There is the whole story of Novick's friend and facilitator in Pakistan, that country's surgeon general, who was assassinated in the shadow of the Children's Hospital by a suicide bomber. When told a matter of weeks later that it was too dangerous for the ICHF's next medical trip, Novick persisted, saying it was the only way he knew to honor his friend's memory.

There are awards presented, heads of state denied, foreign and domestic corporations called upon and globetrotting for a cause. There are funny stories and heartbreaking ones, hopeful stories and, through it and above it all, the stories of children who get more time on this planet to make a difference thanks to Novick and his teams.

The story of the International Children's Heart Foundation is as good as any novel, film or HBO series. It's one I am thrilled to tell.

Thursday, September 03, 2009


Sometimes you people are guinea pigs. I'm sorry, but it's true. I try things out on you before punching it up, lengthening it in some cases, making grammatical fixes and sending it in to The Commercial Appeal, which pays me for it.

So, a while back I wrote a bit about C taking up and wailing on the saxophone and then I wrote even more on it and it's in the CA today.

Dig it!

Sunday, August 30, 2009

Who Are These People In My Neighborhood?

We've lived in our new neighborhood now for seven months. I'm an observer, I watch things, I notice. What I've noticed is that we traded the oddness of Midtown for the weirdness of East Memphis.

It is people that make up a neighborhood and, while Midtown may have no end of characters, I've got a guy who walks in front of my house all day, every day, it seems. Every time I glance outside or sit on my front porch, this guy walks by. I have no idea where he's going or, if walking for exercise, how many laps he makes around the block (neighborhood? region?).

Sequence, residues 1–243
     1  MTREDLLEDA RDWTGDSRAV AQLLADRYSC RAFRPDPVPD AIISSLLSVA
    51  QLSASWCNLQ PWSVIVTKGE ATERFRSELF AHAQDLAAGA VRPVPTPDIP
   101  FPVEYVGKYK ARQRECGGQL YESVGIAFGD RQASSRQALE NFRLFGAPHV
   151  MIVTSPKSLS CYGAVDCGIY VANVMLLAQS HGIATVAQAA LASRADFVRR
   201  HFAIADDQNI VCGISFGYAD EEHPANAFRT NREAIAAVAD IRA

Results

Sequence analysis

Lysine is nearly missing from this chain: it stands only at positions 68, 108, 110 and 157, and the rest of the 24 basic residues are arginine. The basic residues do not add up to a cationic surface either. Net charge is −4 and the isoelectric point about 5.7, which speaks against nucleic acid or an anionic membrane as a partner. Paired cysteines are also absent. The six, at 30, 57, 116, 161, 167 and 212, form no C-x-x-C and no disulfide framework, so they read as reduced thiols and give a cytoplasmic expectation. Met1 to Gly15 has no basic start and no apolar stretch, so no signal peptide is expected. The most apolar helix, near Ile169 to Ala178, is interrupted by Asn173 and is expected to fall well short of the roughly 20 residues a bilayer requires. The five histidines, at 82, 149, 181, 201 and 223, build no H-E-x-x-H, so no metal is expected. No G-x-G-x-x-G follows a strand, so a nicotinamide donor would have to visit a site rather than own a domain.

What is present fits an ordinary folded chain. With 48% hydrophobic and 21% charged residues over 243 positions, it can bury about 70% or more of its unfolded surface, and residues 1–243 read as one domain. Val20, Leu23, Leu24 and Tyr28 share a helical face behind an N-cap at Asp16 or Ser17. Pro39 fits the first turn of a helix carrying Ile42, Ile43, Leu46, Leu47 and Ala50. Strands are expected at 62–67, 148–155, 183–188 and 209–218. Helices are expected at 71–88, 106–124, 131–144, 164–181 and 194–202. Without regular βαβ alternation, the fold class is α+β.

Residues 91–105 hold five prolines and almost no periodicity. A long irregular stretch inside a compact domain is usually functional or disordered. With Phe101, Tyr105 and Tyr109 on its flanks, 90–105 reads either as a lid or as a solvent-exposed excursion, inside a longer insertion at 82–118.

There is a gated community across the street from our house and the side that faces us has the typical swath of grass between the sidewalk and street. Typical, except for the fact that this 12-inch wide strip of lawn is mowed every. single. day. The lawn service contracted to handle the common areas of the community pay particular attention to this grass. It's fascinating. It's beautiful.

A park sits a couple of blocks away, abutting Richland Elementary School. Brennan Park. At any time you can go to that park and find three or four kids' jackets. I'm not sure if the park is swallowing children, save for their outerwear, or if students are taking their jackets off after school to play and then forgetting them. Probably the latter.

Every neighborhood has an ice cream truck. Ours plays Christmas carols. All summer long.

Sometimes I have to leave the craziness of my house and its nine inhabitants. When those times come, I find my escape in the bizarreness that's out there, beyond my front porch.

Monday, August 24, 2009

For My Regular Readers

JP ate a bowl of spaghetti tonight, asked for another, and ate that, too.

Saturday, August 22, 2009

C is for Cannonball

As I've said, the kids all started new schools this year. C is at White Station Middle and is coming to terms nicely with switching classes, lockers and being the new kid on a new block.

Enveloped in all that new is band class. He's taken music the past few years at Downtown Elementary, and he took guitar lessons for a little bit, but this will be his first year of everyday band. His instrument of choice: alto saxophone.

I went to new parent orientation the other night at WSMS and was told that, among sports offerings, cross country was about to come into season. C has always expressed an interest in running with me, especially 5k races, so I thought this would be perfect. When I talked with him about it, he said he didn't want to participate. When I pushed him on it, he said he's afraid he wouldn't be any good at it.